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Righty Diaz steers gem for Drive
Red Sox prospect strikes out nine over seven one-hit frames
06/30/2013 10:34 PM ET
Opponents are hitting .266 against Luis Diaz this season.
Opponents are hitting .266 against Luis Diaz this season. (Greenville Drive)

Paul Abbott saw Luis Diaz up close two years ago when the former Major League hurler coached the Venezuelan right-hander at Class A Short-Season Lowell. He was impressed by Diaz's intelligence and dedication, but mostly, he remembered loving Diaz's change-up.

Abbott and Diaz were reunited this summer at Class A Greenville, and what Abbott found in Diaz was a much more diverse set of offerings.

Now relying on a consistent three-pitch mix, Diaz handcuffed Kannapolis' hitters Sunday. The right-hander didn't allow a hit until the sixth inning, finishing with nine strikeouts over seven one-hit frames in a 3-0 victory.

"He had good command of all three of his pitches, and he mixed them up very well," Abbott said. "The last few times out, he's had good life on the fastball and been able to angle it down to the bottom of the zone. His slider was good with sharp, late break and good command. He's always had an outstanding changeup."

Diaz has made giant strides since struggling through 20 appearances with Greenville in 2012. He posted a 6.01 ERA with 62 strikeouts and 28 walks in 91 1/3 innings last year. After some extra time in extended spring training this season, his ERA is down to 3.38, and he's posted a 38-to-12 strikeout-to-walk ratio in 40 innings.

Abbott just moved to Greenville this season, and his familiarity with Diaz has helped unlock some of the hurler's potential. The pitching coach saw promise in Diaz's fastball in 2011, when he went 4-4 with a 2.53 ERA in the New York-Penn League. Diaz would flash above-average velocity then, but because he was still growing into his body and his mechanics were not especially refined, the offering wasn't consistent.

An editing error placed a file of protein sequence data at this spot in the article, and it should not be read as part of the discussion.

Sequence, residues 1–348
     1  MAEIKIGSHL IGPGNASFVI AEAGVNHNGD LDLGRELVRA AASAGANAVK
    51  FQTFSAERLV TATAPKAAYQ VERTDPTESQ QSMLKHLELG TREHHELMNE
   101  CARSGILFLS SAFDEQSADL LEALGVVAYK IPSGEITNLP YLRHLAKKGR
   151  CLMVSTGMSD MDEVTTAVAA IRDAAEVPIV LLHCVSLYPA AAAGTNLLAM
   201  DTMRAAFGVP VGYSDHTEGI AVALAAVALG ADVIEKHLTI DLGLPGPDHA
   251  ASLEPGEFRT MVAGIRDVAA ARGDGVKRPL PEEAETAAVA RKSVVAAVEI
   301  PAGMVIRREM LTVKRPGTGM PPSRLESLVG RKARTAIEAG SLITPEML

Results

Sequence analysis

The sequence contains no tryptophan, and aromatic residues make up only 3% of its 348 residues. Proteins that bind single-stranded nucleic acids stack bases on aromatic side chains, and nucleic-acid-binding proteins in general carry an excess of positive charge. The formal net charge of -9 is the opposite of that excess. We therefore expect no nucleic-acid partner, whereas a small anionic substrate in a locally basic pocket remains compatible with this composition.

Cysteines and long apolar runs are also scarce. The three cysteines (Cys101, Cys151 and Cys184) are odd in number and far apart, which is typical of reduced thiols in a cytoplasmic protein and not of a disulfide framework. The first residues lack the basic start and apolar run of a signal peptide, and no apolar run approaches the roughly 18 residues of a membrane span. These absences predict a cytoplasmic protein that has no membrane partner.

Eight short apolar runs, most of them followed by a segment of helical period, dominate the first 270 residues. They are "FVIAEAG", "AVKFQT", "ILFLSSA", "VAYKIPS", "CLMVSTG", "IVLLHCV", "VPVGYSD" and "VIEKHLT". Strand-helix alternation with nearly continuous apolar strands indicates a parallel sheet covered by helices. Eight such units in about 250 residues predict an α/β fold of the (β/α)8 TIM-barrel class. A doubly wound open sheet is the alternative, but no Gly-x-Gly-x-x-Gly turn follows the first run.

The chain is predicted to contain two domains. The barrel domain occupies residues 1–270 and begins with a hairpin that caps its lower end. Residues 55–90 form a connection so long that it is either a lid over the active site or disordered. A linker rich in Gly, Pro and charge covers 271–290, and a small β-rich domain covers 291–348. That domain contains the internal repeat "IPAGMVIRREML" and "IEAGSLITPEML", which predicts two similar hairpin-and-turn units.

With a few tweaks and a few years of growth, the pitch has become a weapon for the right-hander this season. Abbott said it now sits between 92-95 mph now, and has become more effective as the 6-foot-3 Diaz has gotten better at working the pitch down in the zone.

Mechanically, Abbott thinks Diaz's greatest strides have come as he's learned to be more explosive off the mound.

"We've been trying to get him to stay on the rubber a little longer," Abbott said. "He tends to drift and get ahead of his arm so the ball stays elevated. He's done a good job staying over the rubber and getting much better angle."

The tweaks in his delivery have also helped Diaz develop an effective slider, which he mixed in regularly Sunday. Learning the breaking pitch was a point of emphasis for Diaz in 2012, when he struggled in his first run at the South Atlantic League.

"It was something he didn't really have, mainly because he would drift so much," Abbott said. "He couldn't get his arm up in time and get in front with it to get the life he needed. He's just gotten so much better with staying on the rubber."

As the fastball and slider have rounded into form, Diaz has maintained the change-up, which draws rave reviews from Abbott for its change of speed, deception, movement and consistency.

"It really complements his fastball and even more so the last few times out," Abbott said. "It mirrors his fastball. It's a good, swing-and-miss change-up with good arm speed that drops away from lefties, and he uses it against right-handers as well.

"He has very good arm speed with a good change of pace on the velocity. Even if they're remotelypossibly looking for the change, there's enough movement for him to get away with it."

Diaz retired the first 15 hitters he faced in order. Eric Grabe snapped the no-hit bid with a single to start the sixth inning, but was stranded as Diaz induced a flyout to center before fanning Kale Kiser and Micah Johnson to end the frame.

The right-hander allowed a two-out walk to Keon Barnum in the seventh, but induced three groundouts to finish his day. Jeffrey Wendelken picked up a two-inning save, allowing a hit while striking out three.

Jake Seiner is a contributor to MLB.com. Follow him on Twitter at @Jake_Seiner. This story was not subject to the approval of the National Association of Professional Baseball Leagues or its clubs.
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